Beijing: About 160 historical sites, including the Peking Man World Heritage Site at Zhoukoudian, were damaged in floods caused by the heaviest rainfall in six decades in Beijing and suburbs.
Seventy seven people were killed in the incessant rains which also left a trail of destruction causing direct economic losses of about USD 125 million, Beijing Municipal Administration of Cultural Heritage said.
The deluge caused several small-scale landslides at the Peking Man site and disabled its security system, Li Yan, the senior administrator at Zhoukoudian, located in a village 50 kilometres southwest of Beijing said.
A museum at the site was flooded, but the major exhibits are all safe.
Dirt and mud washed by the heaviest rainfall in six decades covered part of the archaeological dig at Zhoukoudian and halted researchers’ work for at least three days, state-run China Daily quoted Zhang Shuangquan, an archaeologist at the Institute of Vertebrate Paleontology and Paleoanthropology of the Chinese Academy of Sciences as saying.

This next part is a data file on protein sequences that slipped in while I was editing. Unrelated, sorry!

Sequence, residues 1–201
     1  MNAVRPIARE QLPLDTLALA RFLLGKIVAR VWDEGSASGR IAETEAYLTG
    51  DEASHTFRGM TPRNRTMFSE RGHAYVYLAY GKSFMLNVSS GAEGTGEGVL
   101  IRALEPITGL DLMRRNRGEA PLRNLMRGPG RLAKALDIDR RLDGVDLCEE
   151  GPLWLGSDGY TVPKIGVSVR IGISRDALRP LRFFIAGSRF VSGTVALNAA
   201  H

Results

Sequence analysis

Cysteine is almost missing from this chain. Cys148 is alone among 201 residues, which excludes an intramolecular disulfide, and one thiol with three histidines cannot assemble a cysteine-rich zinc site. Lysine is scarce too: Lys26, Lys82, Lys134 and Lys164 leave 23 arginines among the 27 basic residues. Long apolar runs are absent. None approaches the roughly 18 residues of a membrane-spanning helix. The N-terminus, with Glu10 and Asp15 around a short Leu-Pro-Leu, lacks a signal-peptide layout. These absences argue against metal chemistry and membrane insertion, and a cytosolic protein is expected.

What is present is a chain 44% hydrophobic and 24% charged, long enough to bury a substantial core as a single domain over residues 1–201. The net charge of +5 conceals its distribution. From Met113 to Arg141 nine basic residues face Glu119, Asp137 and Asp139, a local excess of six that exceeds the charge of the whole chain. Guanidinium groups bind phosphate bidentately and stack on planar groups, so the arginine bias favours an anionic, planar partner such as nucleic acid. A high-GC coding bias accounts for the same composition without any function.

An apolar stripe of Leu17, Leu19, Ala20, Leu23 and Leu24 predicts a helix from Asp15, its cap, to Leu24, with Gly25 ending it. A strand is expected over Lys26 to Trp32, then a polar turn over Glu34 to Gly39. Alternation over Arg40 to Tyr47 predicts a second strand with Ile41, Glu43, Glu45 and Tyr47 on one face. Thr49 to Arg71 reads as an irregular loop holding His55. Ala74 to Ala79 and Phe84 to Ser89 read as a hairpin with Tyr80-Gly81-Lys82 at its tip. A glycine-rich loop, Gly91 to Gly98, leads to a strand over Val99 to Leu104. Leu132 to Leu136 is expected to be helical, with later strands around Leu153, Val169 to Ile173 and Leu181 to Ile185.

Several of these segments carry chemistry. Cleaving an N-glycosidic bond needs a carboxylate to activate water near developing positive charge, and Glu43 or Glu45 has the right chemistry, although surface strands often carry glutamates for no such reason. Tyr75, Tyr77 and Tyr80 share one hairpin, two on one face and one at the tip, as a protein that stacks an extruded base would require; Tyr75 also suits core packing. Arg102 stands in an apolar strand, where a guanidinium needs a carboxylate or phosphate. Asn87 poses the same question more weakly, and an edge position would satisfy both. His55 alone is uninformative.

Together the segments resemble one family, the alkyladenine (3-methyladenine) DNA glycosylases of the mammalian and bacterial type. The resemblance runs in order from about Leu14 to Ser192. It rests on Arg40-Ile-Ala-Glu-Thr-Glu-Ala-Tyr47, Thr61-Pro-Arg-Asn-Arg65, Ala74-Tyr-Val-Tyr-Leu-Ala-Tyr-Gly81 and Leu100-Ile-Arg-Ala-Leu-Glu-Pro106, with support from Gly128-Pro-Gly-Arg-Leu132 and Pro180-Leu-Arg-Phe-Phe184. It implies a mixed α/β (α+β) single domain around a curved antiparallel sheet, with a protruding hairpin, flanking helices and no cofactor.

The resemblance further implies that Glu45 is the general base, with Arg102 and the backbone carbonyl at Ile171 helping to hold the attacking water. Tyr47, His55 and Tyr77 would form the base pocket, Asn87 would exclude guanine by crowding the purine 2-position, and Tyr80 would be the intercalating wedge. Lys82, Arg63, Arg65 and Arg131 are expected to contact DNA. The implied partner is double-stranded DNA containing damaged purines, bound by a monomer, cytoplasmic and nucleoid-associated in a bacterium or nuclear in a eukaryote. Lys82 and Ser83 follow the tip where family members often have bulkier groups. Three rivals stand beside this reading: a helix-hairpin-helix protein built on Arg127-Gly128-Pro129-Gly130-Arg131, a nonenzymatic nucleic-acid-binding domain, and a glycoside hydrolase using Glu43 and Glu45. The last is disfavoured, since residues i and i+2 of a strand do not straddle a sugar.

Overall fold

"If the rock stratum collapses, it would lose its value for archaeology…A period of human civilization would be buried in mystery forever," Zhang, who has been excavating the site since 2009 said. Read more.
A total of 26 places around the globe, including farmhouses in Sweden and a Neolithic site in Turkey, have been added to the UNESCO list of World Heritage Sites so far this year, according to a recent announcement during the World Heritage Committee’s annual meeting.
Some spots are famed for their unique natural beauty and others for their cultural significance. With the addition of the 26 sites, there are now 962 World Heritage Sites around the planet.
Here’s a list of the newest additions:
Five natural sites were inscribed during the present session: Lakes of Ounianga (Chad); Sangha Trinational (Cameroon, Central African Republic, Congo,); Chengjiang Fossil Site (China); Western Ghats (India); Lena Pillars Nature Park (Russian Federation). Read more.